And we had a team of those people and they were so service oriented and did so terribly well that even today, some of our top managers in the world are women.


Suky: That’s excellent to hear. I think taking the lead on those kinds of things is what sets businesses apart from the crowd. My final question for you has to do with leading from the front, and not being an “armchair general” so to speak. How important is this for you? How much of your success do you attribute to this leadership style?


Bill: I do still to this day go see clients from time to time. The fact of the matter is that I wish I could get out more. I want to get the feel of the market more. I just wish I had more time to get out there.


Suky: Your time is limited, I totally respect that. I can tell you that there are a lot of companies where middle management doesn’t even do that, let alone the Chairman, because they don’t think it’s their job anymore.


Bill: Well, as I said, I think that being out there and having a feel of the market and the business is so important. I still make it out to Canada 3 times a year, and I try to get down to our offices in the United States and Australia a couple of times a year — it’s the only way to keep on top of things. And I’ve been known to drop in on our other operations too: I’ll occasionally make the trip to South Africa, Singapore, New Zealand — wherever I feel we need a catch-up or things of that kind.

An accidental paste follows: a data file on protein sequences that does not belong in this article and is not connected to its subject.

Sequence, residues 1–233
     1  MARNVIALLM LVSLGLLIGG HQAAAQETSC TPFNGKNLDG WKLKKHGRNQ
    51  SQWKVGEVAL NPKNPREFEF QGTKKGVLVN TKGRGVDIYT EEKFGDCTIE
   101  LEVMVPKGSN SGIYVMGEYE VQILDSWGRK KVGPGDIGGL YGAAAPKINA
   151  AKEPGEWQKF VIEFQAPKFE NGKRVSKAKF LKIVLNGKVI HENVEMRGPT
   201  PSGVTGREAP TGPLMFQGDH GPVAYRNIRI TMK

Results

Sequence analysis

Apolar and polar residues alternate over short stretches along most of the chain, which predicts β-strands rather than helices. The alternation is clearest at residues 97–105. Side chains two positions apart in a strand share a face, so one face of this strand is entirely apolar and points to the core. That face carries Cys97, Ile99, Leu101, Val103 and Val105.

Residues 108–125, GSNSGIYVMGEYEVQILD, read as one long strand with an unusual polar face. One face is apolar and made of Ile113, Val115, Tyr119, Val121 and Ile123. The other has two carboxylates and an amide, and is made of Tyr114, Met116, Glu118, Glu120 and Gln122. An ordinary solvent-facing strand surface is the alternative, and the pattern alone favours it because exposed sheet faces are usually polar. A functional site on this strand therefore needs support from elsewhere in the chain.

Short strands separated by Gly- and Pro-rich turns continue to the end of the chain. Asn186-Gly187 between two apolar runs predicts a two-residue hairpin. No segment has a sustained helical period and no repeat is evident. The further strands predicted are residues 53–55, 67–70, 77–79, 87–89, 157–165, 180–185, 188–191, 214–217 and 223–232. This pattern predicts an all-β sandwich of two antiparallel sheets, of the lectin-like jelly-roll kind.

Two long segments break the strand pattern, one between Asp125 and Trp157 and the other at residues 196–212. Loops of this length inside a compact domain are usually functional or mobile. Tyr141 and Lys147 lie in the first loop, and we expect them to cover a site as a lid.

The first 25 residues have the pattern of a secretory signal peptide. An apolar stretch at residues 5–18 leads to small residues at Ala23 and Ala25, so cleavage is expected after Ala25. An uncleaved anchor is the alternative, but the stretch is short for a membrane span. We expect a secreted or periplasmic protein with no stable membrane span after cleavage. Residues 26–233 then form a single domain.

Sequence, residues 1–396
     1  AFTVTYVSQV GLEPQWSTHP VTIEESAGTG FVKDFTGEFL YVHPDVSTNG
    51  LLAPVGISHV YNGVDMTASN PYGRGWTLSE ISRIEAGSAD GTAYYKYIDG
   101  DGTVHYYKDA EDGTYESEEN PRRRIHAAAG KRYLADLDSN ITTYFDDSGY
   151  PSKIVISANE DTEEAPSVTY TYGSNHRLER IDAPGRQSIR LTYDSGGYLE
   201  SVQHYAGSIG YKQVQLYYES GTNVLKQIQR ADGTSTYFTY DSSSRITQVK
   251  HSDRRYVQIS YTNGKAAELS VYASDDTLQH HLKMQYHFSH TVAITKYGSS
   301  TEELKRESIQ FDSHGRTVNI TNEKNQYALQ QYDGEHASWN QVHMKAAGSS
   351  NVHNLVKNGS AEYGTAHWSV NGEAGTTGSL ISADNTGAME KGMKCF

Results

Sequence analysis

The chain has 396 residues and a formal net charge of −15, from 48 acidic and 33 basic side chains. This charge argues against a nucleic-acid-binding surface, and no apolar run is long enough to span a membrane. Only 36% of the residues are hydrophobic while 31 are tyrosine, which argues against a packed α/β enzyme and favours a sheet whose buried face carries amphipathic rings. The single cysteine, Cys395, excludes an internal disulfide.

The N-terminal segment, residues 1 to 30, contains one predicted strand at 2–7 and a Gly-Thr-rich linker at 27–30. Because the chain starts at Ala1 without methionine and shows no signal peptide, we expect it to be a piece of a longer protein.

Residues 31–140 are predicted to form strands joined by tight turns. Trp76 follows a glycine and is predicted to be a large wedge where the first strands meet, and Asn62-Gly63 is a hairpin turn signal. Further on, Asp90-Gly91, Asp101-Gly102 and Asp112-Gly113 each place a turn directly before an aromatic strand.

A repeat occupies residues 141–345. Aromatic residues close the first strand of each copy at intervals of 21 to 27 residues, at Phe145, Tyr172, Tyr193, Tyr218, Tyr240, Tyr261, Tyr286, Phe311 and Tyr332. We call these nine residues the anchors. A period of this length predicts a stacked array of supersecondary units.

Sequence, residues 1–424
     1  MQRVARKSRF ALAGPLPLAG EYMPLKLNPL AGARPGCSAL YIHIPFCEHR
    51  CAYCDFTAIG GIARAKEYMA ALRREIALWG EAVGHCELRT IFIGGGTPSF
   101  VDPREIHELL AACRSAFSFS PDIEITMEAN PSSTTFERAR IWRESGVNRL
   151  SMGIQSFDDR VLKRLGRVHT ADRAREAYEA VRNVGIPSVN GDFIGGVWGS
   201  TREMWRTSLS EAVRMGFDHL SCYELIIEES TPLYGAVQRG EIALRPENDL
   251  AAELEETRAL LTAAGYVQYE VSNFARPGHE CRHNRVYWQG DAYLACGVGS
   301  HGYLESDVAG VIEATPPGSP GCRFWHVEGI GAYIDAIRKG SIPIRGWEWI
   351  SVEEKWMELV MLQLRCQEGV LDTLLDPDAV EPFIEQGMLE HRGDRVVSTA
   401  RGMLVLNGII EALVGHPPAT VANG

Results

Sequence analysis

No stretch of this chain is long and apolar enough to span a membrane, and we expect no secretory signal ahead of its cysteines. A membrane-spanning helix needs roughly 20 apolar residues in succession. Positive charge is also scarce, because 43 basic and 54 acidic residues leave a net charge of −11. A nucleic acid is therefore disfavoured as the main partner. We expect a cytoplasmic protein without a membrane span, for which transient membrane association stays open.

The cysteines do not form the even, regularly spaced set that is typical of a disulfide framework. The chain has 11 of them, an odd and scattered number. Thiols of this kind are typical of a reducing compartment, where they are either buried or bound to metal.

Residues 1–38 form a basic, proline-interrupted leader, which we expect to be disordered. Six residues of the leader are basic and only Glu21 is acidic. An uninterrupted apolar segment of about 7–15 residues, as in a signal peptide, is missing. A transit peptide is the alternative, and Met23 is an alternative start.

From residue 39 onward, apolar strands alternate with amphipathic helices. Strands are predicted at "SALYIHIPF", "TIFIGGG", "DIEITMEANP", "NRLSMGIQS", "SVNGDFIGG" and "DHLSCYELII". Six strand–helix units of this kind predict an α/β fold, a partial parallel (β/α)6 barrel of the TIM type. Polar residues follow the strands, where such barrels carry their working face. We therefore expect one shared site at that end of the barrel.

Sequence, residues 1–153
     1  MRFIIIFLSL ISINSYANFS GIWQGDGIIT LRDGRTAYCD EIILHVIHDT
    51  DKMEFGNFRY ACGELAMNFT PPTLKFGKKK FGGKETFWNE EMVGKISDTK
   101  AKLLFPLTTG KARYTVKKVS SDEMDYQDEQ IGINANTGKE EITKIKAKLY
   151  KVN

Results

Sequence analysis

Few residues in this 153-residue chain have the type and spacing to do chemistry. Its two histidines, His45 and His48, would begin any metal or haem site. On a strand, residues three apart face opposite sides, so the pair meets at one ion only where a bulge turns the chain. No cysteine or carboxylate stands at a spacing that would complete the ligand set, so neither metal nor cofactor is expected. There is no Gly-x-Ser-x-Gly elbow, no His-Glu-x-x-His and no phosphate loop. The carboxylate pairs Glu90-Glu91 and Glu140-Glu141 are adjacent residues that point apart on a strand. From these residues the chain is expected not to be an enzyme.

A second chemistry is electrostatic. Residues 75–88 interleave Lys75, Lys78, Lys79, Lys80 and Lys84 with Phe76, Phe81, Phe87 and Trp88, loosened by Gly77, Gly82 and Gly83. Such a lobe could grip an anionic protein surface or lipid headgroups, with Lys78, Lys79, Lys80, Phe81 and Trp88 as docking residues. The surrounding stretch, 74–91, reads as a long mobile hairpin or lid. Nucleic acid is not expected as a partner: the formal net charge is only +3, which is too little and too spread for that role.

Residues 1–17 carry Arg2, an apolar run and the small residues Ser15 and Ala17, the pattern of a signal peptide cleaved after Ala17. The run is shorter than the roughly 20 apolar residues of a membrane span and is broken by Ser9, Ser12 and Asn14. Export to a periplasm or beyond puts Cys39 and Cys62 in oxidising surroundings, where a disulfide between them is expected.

So, that’s always been a part of my style — taking those leadership meetings and catching up with the management team. And it’s so terribly important to know your team on the ground, whether it’s the frontline sales team or country management. It’s the only way to keep your finger on the pulse and to be able to recognize or reward success.


Suky: I agree. I’ve worked with plenty of candidates in the past who have come to me and said, “I’m working for a large organization. Nobody outside my branch is interested in what we’re doing,” or they feel like “I don’t know what’s going on elsewhere in the business — it doesn’t feel like we’re all pulling for the same team.” So that disconnection from senior management makes people feel like there’s not a long-term future there.


Bill: Well, something that we’ve been doing at Drake for a very long time is what we call the “One Hundred Percent Club”. We’ll get together our top performers from all levels of the business for a week every year. We’ve had them in Moscow, Budapest, Las Vegas, Barcelona — across the world. It really is a fantastic opportunity to focus on members of our team that are outperforming.